Cultural generalization is a slippery slope that leads to stereotyping, and that leads to your eccentric aunt having some strong but possibly unfounded opinions about Asians loving Capri pants. And in case you think such ideas are only reserved for Christmas dinners and Facebook pages, there are plenty of globally accepted cultural stereotypes that are as easily debunked as a flat earth. For example ...
For all of us nodding off behind a desk at noon, the Spanish way of life seems ideal -- a day of long naps, little work, and plenty of late-night drinking. But the truth is that the Spanish siesta saga is much more of a nightmare than a sweet dream. And like many weird nightmares, it somehow features Adolf Hitler.
While the siesta sounds as Spanish as tapas or not wanting to be Spanish, Spain was never really all that into the noonish nap. Some studies claim only 16% of modern adult Spaniards are taking afternoon naps consistently, and almost 60% of them don't siesta at all. But if these Spaniards don't like to snooze away their day, why do they take some of the longest lunch breaks of any country, lasting up to three hours? That has nothing to do with laziness; quite the opposite.
In the aftermath of the horrid Spanish Civil War of the 1930s, many Spaniards worked two jobs in order to support their families. In order to accommodate them, businesses started implementing longer midday breaks so they could change clothes and commute. By the time the economy recovered, the Spanish had gotten so used to this rhythm that they preferred to keep working much later (and more) hours than their neighbors in return for a nice long lunch break.
Speaking of the Spanish Civil War, that brings us to another Spanish sleep stereotype. Talk to any pasty tourist snowbirding in Benidorm, and they'll say that Spaniards act like lazy college students, staying up late and getting out of bed scandalously close to noon. But again, this is neither their fault or a sign of laziness. It's because Spain is literally out of sync with the rest of the world. Instead of being in the GMT +0 time zone, as geography and logic would demand, Spain has been GMT +1 for over seven decades. That's because back in the late 1930s, Francisco Franco was so fond of his friend/idol Adolf Hitler that he made Spain change to the German time zone. Because what fun is being a crazy dictator if you can't force an entire country to pretend the sun rises at 10 a.m.?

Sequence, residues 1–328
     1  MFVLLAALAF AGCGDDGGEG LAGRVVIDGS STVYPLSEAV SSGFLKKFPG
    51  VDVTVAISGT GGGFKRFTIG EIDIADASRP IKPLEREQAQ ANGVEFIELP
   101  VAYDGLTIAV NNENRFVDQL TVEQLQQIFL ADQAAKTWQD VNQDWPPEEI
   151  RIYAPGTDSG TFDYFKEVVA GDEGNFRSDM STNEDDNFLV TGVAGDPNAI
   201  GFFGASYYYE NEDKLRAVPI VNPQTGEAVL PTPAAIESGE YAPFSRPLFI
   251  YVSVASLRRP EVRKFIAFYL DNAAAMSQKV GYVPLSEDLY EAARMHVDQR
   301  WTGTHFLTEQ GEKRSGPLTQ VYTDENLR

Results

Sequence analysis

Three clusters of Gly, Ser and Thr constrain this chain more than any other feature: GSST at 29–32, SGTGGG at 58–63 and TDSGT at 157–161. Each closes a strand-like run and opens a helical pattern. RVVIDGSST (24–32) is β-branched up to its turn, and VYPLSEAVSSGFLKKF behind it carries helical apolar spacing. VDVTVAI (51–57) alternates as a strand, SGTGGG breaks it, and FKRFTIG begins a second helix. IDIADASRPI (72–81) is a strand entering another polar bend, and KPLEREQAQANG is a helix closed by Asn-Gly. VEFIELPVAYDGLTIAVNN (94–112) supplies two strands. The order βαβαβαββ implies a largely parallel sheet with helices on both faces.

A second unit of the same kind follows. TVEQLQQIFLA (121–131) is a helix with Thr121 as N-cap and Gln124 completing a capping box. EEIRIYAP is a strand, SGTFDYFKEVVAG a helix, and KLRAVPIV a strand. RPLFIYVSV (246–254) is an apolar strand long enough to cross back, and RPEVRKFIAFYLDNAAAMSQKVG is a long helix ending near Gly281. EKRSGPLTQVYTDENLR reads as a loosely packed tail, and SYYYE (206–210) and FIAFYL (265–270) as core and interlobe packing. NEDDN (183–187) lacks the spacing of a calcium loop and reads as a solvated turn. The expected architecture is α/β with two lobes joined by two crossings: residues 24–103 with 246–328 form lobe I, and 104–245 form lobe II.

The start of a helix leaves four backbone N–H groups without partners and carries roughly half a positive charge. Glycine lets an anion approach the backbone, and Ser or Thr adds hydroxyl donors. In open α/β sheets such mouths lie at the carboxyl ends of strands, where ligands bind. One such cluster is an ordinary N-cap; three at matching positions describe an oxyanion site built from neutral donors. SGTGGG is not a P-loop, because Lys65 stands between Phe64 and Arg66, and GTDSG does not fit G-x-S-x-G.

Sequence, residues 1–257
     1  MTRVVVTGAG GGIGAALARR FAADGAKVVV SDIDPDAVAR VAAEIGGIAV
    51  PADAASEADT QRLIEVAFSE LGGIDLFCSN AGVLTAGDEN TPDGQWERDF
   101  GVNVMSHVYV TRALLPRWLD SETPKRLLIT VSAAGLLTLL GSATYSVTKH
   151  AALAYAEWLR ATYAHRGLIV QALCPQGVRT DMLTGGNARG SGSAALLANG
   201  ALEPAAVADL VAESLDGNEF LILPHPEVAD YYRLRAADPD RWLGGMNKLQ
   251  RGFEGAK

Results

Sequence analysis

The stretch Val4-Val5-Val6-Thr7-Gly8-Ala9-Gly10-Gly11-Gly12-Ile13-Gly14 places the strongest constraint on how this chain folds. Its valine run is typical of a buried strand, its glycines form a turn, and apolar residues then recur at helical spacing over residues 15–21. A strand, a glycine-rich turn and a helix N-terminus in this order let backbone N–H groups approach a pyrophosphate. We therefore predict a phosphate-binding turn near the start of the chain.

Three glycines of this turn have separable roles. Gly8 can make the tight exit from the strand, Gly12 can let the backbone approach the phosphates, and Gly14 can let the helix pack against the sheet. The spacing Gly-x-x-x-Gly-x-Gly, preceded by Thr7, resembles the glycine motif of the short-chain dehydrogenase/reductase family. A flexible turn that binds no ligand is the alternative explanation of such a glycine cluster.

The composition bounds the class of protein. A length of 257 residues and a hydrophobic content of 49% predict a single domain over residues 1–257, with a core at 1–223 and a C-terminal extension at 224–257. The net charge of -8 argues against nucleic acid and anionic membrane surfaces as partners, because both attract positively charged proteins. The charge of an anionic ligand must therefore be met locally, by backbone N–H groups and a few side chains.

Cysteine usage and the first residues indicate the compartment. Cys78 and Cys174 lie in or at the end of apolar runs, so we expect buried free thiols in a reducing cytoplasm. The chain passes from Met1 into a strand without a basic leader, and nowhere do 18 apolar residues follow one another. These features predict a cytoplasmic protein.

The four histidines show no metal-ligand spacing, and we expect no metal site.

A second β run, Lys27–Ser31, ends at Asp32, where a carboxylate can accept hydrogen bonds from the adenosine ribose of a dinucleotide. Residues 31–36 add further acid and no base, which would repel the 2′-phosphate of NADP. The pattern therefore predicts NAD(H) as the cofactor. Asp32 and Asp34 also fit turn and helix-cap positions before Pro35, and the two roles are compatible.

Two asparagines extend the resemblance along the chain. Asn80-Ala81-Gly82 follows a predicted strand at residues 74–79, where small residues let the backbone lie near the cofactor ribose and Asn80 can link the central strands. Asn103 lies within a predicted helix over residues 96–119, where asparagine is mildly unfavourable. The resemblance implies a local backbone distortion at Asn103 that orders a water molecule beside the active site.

In other words, the Spanish have been screwed by their own clocks, have the latest sunset in Europe, and work later hours than almost anyone else on the continent. Honestly, we need to lie down just thinking about that hassle.
Saudi Arabia isn't exactly known for gender equality. And, somewhat ironically, that also applies to academia ... where women vastly outnumber the men. Statistics from early 2010 show that Saudi women made up 58% of all undergraduates, an intellectual crevasse that only grows wider with every new generation. And for a country that consistently ranks near the bottom in surveys of gender equality, being 25th in terms of women enrolled in universities is quite a shock, to say the least. This even applies to typical academic sausagefests like STEM studies and postgraduate degrees.
This is largely thanks to a series of investments and reforms that have also led to the creation of women-only universities. The latest, Princess Noura bint Abdulrahman University, is the largest female-only academic institution in the world. Now if all those brainy ladies would be allowed to actually have jobs and do something with those fancy degrees, maybe Saudi Arabia could work its way up those gender equality lists.
Cuba suffers from what you might call the postcard effect. Instead of thinking about it as a real country with many different people and issues, most outsiders envision it in sepia-filtered retro tones, where everyone wears white fedoras and drives around in vintage Studebakers with the top down. But if you ever make your way to the cigar island, you'll more likely get picked up at the airport in a 2017 Toyota Corolla than a classic Chevy.